My novel’s first draft is crap, and that’s okay

As I mentioned in my last post, the first draft of my first novel is going well. Meaning, as far as progression of the word count.

As for the quality?
That’s a whole other thing.

I rewrote the opening three times, trying three different approaches with it, and it still feels weak. The inciting incident–a young man itching for adventure on a distant planet discovers that a droid his uncle’s farm just bought has a secret holographic message, a call for help, from a beautiful young woman, and the person she’s seeking help from may be an old hermit guy who lives not too far away, and… okay, I don’t want to give away too much, but it’s going to be so good!–still needs work, and it feels like the main character is being put through actions instead of having agency and making the actions happen, and…

You get the picture. Not stellar, to say the least. (But, ooo, hold on… Stellar Wars for the title? I’ve gotta write that down.)

But here’s the thing: That t’s not good is totally fine.

Would I like my writing to come out as good as it can be the first time I write it? Of course. That would be… well, gosh, a real time saver. I hit period at the end of the last sentence on the last page, and send it to the publisher who can bounce it directly into the queue for typesetting and publication because it’s absolutely perfect.

That, dear reader, never happens.

I mean… not technically “never”. I’ve heard Margaret Atwood often writes her first draft by hand and then converts it into a typed format and that’s her done and pretty much as it will appear in print.

But are you Margaret Atwood?
No, you’re not.
Unless you are, of course. And if that’s the case, kindly drop me a line so we can team up on a book. I’ve got a solid start on this wars in space idea.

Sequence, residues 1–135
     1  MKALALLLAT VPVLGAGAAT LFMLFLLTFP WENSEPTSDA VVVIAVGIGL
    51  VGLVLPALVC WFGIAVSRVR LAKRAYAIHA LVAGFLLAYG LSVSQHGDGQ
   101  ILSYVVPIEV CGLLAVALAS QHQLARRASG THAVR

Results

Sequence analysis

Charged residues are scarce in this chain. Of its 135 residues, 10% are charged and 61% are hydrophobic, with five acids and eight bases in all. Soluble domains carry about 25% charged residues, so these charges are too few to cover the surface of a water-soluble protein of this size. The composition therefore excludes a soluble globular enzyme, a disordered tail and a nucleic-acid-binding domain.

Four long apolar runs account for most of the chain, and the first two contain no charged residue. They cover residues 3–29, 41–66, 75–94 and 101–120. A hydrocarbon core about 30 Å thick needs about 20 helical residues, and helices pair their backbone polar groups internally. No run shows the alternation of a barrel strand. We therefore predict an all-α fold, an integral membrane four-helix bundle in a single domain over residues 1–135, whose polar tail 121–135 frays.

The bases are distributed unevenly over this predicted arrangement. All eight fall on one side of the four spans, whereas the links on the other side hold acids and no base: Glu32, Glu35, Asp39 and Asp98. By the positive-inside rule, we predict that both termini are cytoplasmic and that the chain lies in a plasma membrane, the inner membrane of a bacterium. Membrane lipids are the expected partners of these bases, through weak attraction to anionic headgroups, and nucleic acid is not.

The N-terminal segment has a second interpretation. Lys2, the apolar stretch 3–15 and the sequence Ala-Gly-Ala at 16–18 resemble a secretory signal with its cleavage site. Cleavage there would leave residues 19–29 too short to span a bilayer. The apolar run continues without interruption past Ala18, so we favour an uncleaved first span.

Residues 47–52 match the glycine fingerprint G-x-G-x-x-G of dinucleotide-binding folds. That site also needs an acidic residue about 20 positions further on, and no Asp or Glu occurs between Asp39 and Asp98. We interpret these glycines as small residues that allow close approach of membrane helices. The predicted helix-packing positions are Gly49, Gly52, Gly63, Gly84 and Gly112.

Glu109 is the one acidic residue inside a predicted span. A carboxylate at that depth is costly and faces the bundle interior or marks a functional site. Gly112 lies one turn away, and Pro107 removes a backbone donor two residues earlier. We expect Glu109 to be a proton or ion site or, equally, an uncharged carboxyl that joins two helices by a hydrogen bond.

Point being, assuming you’re not Margaret Atwood or the other minuscule number of professional writers who can effectively write their final draft when they finish their first draft, you’ve got to accept that your first draft may be so far from that that it could be, as the French say, “le garbahge.”


A garbage first draft is still a first draft. And a first draft of any quality is better than an incomplete first draft or nothing of a first draft at all. Because, you see, having a first draft gives you something to improve upon.

To look at it another way, throw a lump of clay on a pottery wheel and you’re not going to impress anyone. The lump of clay is your first draft, okay? It’s a misshapen pile of wet, bland, grey stuff.
But it gives you something to start with, something to mold into a shape–that’s editing it–and now you’re getting somewhere. And with enough time and patience (and effort and practice and talent never hurts), you can turn that one-time lump of clay into a quality piece of pottery (meaning a… well, a final draft, obviously… look, are you really not following this?).

So let your first draft be crap. Or a lump of clay. Or whatever else you want to picture it as, so long as it at least exists. Get through it even if it’s terrible, because no one needs to ever see the first draft except you, and you’re the one who’s then going to take that and work on it to make it better and better until it’s something you’re all right–nay, proud–that other people will finally see it.

… Nebula Wars?
Nope, not quite there.
Margaret, any ideas?